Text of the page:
Just For Argument's Sake...

Updated: October 19, 2006, 2:31 AM ET
By Ivan Maisel | ESPN.com

From nagging questions to soapbox moments to Heisman hype, here's a look at the hottest topics in college football.

1. Should a lagging conference get its automatic BCS bid rescinded?
Big East I know what you're thinking, and the answer is no. The Atlantic Coast Conference should keep its bid.

The Big East? The conference with three teams in the top 19 (one more than the ACC, not to mention the Big 12)?

So far, it's clear that the demise of the Big East has been greatly exaggerated. The demise of the ACC is just as temporary, although it should be pointed out that Miami never had these behavior issues when it belonged to the Big East.

"It's all a perception issue," Big East associate commissioner Nick Carparelli, Jr., said this week. "You can clearly make a case that every one of our teams is better now than two years ago. We weren't as bad (in 2004) as everyone thought we were. Everyone assumed the teams we were left with were no good."

If No. 4 West Virginia wins at UConn on Friday night, and No. 6 Louisville wins at Syracuse on Saturday, they will have made their game on Thursday, Nov. 2, one of the biggest in the history of the conference, not just the history of newly configured one. This Saturday, No. 19 Rutgers takes its 6-0 record to Pittsburgh to play the 6-1 Panthers in a game that ESPN2 thought enough of to move to 5:45 p.m.

"When you have a one-horse conference," Carparelli said, "you're banking on one thing happening. When you have two, three, four teams that are perceived to be good, the number of quality games multiplies."

The Big East has a new contract with ESPN. With the success thus far this season, the automatic bid to the BCS appears safe. After the shakeup of conferences that took place two years ago, the new Big East asked to be judged over a period of time. Already, it looks as if it's worthy.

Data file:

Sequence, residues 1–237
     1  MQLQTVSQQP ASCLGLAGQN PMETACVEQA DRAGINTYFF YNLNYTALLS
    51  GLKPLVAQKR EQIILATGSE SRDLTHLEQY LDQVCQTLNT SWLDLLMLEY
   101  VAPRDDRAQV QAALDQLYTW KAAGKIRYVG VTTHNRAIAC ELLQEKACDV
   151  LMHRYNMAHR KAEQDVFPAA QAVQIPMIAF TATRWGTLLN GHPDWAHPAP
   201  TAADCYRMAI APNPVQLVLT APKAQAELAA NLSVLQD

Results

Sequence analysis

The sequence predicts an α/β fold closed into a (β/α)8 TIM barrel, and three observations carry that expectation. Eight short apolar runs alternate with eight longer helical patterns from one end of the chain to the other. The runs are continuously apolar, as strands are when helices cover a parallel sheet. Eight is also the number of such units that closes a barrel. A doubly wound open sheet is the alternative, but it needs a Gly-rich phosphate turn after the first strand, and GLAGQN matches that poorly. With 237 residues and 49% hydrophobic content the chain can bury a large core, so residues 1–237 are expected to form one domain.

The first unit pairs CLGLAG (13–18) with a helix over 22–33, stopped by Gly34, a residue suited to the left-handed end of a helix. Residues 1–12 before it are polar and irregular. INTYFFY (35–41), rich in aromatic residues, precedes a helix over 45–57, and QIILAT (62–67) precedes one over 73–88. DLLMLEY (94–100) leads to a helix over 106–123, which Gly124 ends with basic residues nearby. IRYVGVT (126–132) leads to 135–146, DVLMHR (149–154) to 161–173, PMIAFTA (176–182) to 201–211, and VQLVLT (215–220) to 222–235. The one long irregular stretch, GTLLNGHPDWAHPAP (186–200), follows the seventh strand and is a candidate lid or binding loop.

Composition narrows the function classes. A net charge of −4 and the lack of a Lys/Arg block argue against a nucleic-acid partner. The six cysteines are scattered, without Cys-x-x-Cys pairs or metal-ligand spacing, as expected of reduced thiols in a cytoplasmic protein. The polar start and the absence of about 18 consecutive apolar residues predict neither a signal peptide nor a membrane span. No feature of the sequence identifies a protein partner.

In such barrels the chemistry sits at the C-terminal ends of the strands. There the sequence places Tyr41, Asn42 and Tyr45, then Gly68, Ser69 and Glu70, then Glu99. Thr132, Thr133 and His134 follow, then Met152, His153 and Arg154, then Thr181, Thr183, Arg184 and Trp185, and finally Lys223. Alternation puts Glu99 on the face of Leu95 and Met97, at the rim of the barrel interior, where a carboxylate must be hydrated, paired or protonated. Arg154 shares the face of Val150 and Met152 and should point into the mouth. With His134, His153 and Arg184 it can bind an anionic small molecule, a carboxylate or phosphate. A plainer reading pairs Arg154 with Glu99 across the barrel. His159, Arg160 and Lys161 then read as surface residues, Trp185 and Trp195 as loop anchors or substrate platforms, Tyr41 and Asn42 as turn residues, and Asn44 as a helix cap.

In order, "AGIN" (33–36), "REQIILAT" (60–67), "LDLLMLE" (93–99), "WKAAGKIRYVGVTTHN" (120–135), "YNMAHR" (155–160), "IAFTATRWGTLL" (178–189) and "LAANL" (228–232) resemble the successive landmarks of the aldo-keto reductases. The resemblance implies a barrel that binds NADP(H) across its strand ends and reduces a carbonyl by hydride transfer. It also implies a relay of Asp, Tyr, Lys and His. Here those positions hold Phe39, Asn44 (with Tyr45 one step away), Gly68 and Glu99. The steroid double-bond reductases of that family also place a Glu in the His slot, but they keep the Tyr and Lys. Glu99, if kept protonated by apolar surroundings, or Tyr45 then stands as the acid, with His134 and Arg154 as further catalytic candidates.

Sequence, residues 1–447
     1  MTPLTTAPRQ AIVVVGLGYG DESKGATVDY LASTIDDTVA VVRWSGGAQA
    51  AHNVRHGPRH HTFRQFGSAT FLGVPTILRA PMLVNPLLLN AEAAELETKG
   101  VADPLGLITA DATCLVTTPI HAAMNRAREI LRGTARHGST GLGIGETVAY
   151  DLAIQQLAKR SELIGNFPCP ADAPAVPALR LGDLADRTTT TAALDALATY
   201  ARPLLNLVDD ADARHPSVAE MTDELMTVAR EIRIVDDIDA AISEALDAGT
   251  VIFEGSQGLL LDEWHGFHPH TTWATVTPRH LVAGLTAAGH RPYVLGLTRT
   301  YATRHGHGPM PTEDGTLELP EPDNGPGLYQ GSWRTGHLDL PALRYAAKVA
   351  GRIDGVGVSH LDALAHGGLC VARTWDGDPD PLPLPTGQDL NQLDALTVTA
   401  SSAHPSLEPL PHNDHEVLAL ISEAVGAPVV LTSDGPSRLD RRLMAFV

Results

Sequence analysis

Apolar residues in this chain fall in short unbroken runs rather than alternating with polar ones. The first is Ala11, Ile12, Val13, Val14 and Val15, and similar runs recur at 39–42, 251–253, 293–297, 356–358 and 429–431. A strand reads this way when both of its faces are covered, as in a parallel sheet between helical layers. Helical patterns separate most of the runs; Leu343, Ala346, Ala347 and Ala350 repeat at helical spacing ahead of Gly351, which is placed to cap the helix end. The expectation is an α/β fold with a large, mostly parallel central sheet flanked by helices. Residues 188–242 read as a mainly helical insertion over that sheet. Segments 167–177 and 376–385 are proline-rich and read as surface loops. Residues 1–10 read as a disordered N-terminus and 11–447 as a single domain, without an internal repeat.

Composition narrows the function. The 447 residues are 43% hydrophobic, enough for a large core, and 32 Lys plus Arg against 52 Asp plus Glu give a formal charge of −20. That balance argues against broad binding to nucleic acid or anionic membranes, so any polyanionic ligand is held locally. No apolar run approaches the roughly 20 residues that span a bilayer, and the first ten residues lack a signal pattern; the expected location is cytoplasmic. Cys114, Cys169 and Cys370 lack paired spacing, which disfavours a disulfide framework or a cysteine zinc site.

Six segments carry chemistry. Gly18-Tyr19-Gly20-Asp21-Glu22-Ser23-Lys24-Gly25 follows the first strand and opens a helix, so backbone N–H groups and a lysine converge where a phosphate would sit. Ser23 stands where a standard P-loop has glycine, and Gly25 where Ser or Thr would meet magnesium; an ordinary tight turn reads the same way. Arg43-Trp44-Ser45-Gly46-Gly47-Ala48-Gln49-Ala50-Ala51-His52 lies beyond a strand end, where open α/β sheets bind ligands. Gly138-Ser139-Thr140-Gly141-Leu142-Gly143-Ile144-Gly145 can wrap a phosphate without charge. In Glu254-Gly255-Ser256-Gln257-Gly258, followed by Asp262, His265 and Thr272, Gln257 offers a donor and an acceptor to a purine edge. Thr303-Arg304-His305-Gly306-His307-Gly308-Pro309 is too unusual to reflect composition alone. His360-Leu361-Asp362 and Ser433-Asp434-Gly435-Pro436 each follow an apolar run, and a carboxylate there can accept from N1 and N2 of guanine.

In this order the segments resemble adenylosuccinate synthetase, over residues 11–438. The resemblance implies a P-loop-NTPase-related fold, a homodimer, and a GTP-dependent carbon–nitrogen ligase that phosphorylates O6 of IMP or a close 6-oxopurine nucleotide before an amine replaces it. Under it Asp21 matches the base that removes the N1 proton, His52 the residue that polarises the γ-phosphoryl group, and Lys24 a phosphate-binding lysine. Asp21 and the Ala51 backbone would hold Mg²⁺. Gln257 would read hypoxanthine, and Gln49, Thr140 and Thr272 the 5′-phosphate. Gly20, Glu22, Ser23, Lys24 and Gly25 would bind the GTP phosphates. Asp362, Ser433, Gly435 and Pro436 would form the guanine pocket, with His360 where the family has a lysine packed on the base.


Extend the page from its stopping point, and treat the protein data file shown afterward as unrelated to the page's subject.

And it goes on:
"We try not to overreact to how well we're doing," Carparelli said. "You never know in this game. We're not going to have two teams in the top 10 all the time."

The same courtesy should be given the new ACC. I'm sure that, given time, it will prove itself worthy of keeping its automatic bid, too.

2. How did the Clemson line get so big?
Clemson When Tommy Bowden went to Clemson in 1999, he bucked the trend toward big, hulking offensive linemen. He wanted them lean and quick for offensive coordinator Rich Rodriguez's spread offense. A couple of them didn't even make 260 pounds.

Fast forward to 2006, when the No. 12 Tigers are 6-1 for only the second time in Bowden's eight seasons. A big reason is a senior-dominated offensive line that averages -- averages, mind you, -- more than 300 pounds per man.

What happened?

"We were a shotgun, fast-paced, no-huddle team," Bowden said of his early teams at Clemson. "Man-blocking. You had to have athleticism. Our offense was ahead of the times. When people caught up, we were kind of mismatched. People caught up with us. I didn't have enough of a running game out of our one-back offense."

When they put another defender in the box, Clemson couldn't account for him. Once quarterback Woody Dantzler graduated in 2002, Bowden didn't have a quarterback whose running skills could keep the defense at bay. Bowden dabbled in Urban Meyer's spread option. But he wasn't, as he put it, "married" to it.